11 West 53rd Street entrance.

We met outside the 53rd Street entrance about ten minutes to four.  It was busy but there was no discernible line so we stood and chatted.  After we saw Roz Chast, the cartoonist for The New Yorker exit smiling, we decided to enter even though it was now five minutes to four.

Front entrance.

We walked into the bustling lobby and stopped to photograph the poster of the exhibit we were there to see, the 35-year career retrospective of photographer Cindy Sherman.

Dental work needed here.

I knew that the exhibit would prohibit photography.  Albee wanted to head straight for the sixth floor gallery, but I thought we might need a button or a badge to gain gallery entry.  We asked a person sitting at an information desk about this and were told that we needed tickets, “Go out that door, turn right and get one.”

Albee and I mirrored each other’s “how simple can that be” expressions.  We followed orders, marched through a sea of coming and going visitors to exit through a door leading out to West 54th Street.  We saw a few people trickling in.

Albee:  This line’s nothing!

Yet the longer we walked down West 54th toward 5th Avenue, the longer the line grew.  Albee amended his initial observation:

Albee:  I stand corrected.  Will we ever find the end of this line?

After walking past hundreds of people that had the same plans as us, we did finally find the end.  When we did, the line moved quickly and within no more than ten minutes we had our tickets and were back in the museum proper and making our way through the horde to the sixth floor gallery and Cindy Sherman-land.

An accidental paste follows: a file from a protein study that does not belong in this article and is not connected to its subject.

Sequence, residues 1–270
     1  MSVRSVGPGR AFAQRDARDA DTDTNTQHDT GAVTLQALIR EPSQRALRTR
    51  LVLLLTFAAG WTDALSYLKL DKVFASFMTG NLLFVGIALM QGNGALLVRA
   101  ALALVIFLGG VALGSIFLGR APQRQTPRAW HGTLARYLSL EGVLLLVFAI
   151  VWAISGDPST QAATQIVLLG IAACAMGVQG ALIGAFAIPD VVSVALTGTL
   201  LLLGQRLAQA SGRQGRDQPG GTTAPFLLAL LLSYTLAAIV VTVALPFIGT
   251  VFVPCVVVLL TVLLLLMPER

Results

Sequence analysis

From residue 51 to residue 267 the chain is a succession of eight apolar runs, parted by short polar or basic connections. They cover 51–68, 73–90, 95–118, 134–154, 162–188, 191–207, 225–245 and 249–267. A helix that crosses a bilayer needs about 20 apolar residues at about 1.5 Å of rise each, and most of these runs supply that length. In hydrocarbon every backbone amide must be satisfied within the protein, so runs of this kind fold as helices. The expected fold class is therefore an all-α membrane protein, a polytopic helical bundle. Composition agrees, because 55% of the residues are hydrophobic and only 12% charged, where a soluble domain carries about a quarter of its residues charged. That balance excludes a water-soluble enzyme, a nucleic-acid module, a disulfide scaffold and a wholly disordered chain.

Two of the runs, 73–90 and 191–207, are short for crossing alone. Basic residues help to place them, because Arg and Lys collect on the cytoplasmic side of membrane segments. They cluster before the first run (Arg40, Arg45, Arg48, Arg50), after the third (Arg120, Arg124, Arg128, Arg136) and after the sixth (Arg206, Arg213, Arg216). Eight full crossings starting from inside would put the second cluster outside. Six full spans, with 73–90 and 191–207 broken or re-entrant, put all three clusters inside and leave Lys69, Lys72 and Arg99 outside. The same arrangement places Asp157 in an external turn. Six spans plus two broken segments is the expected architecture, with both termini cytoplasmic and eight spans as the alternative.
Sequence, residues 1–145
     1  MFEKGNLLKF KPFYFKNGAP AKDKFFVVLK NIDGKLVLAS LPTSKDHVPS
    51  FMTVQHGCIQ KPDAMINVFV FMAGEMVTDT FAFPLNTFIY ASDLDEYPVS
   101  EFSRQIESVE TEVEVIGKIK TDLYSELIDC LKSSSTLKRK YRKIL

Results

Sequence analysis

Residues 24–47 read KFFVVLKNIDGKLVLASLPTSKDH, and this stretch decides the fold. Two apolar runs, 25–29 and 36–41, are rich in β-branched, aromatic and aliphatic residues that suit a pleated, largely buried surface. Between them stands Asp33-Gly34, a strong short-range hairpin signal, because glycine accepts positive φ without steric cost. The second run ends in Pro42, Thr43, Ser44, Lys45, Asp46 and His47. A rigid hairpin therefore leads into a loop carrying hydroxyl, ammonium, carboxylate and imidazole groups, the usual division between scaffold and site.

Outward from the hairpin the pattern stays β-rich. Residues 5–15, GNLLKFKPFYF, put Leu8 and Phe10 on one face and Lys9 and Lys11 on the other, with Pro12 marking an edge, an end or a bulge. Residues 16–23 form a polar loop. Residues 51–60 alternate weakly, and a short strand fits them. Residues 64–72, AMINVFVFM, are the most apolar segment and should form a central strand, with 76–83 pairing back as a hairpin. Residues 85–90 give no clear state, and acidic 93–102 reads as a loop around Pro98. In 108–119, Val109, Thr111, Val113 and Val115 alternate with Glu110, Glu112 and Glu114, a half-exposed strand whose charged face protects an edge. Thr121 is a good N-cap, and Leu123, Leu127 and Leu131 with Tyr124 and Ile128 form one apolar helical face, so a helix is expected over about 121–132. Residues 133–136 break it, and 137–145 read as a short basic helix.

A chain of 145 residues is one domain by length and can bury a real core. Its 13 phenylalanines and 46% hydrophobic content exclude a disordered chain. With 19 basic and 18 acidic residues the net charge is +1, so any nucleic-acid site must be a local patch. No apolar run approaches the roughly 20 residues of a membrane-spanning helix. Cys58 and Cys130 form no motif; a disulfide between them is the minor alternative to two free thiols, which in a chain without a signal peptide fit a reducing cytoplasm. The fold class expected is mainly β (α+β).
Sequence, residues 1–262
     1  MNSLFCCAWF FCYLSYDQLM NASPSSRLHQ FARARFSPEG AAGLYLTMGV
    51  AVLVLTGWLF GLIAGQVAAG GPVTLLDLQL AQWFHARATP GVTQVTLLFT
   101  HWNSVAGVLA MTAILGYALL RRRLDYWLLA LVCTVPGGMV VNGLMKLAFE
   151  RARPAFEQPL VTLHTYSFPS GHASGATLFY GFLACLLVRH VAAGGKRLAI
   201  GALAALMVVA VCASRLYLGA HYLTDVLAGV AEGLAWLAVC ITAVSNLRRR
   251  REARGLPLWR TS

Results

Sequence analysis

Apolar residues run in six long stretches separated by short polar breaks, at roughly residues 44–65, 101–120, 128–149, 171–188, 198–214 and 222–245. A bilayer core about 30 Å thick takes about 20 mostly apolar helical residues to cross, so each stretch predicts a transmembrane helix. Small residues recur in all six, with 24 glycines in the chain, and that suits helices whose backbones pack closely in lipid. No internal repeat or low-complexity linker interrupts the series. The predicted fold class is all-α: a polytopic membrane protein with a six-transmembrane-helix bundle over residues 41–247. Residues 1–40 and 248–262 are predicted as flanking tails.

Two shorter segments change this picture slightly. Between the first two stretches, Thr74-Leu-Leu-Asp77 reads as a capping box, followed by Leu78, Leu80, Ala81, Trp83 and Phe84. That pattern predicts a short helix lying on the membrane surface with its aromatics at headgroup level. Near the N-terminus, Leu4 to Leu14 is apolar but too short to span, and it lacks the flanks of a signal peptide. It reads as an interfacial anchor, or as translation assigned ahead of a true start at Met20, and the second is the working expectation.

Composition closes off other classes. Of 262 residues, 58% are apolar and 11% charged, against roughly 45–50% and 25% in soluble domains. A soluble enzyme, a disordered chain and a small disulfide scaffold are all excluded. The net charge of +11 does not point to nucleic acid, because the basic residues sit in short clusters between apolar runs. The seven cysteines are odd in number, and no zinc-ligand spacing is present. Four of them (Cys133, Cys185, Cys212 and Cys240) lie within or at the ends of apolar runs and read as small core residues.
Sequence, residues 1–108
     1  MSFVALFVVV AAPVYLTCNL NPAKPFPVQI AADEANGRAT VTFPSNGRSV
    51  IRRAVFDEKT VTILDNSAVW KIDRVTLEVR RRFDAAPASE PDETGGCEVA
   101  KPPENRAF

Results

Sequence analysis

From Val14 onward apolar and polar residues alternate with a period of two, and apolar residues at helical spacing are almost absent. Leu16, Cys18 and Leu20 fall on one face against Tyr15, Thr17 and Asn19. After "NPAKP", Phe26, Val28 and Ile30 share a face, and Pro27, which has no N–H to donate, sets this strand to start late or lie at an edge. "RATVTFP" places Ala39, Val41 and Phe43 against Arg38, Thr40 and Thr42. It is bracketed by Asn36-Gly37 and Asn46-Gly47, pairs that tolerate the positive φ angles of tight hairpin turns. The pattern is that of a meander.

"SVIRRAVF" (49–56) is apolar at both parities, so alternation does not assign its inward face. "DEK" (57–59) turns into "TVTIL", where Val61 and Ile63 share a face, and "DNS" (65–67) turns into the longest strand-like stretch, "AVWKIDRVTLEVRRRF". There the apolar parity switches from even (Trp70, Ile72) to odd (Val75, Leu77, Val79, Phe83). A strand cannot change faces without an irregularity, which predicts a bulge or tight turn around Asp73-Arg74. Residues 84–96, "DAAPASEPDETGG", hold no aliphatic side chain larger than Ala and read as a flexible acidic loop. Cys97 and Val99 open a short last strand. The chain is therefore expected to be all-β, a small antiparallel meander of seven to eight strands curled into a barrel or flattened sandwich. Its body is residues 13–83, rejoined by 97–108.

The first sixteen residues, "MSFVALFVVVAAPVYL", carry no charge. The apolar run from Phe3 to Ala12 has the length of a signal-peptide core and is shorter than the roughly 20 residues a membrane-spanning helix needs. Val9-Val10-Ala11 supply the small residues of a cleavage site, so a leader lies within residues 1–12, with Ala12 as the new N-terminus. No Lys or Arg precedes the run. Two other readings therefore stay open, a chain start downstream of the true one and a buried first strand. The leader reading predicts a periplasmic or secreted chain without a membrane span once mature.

Free ticket!

Just as I was looking at the “No Photography Allowed” sign, a woman whipped out her iPhone and snuck a shot of the monumental 18-foot tall mural of five Cindy’s standing against a backdrop of a black and white image she took of Central Park.

Cindy Sherman Mural. Photo from MoMA web site.

It really is not necessary to take sneaky pictures with one’s smart phone for much of the exhibit is available on MoMA’s web site.

A man fixated on Cindy wearing a worn expression while clad in what Albee called “a genitailia suit” and holding a plastic sword asked his companion, a woman:

Man:  What’s the message?

Woman: It’s just weird.

Possibly they were confused and thought they were entering an actual Target for free stuff.  For anyone unfamiliar with the work of Cindy Sherman, her subject is primarily herself in various guises and poses.  In earlier days her backgrounds were created with rear screen projections.  Today, she is adept with creating her backgrounds digitally.  She works alone and does all of her own hair, makeup, styling, props, the aforementioned backgrounds, etc.  In the case of her mural, instead of using make-up she made the transformations to her face digitally.  She is such an intense do-it-yourself type, if her images had musical accompaniment she’d probably write her own scores.  The exhibit, comprised of 170 photos, is silent aside from the overheard visitor’s comment such as one woman noting about an image where Cindy appears as four aging party girls that could have been called “Cindy Sherman’s Desperate Housewives”: